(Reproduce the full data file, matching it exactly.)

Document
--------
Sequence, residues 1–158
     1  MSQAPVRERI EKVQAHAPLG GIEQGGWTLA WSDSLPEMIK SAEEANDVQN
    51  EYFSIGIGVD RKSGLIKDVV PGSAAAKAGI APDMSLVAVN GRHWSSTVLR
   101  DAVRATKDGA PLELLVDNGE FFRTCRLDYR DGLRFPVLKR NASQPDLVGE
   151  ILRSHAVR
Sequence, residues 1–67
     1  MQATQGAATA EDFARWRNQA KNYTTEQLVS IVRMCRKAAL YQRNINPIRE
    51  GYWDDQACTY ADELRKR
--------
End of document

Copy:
Sequence, residues 1–158
     1  MSQAPVRERI EKVQAHAPLG GIEQGGWTLA WSDSLPEMIK SAEEANDVQN
    51  EYFSIGIGVD RKSGLIKDVV PGSAAAKAGI APDMSLVAVN GRHWSSTVLR
   101  DAVRATKDGA PLELLVDNGE FFRTCRLDYR DGLRFPVLKR NASQPDLVGE
   151  ILRSHAVR
Sequence, residues 1–67
     1  MQATQGAATA EDFARWRNQA KNYTTEQLVS IVRMCRKAAL YQRNINPIRE
    51  GYWDDQACTY ADELRKR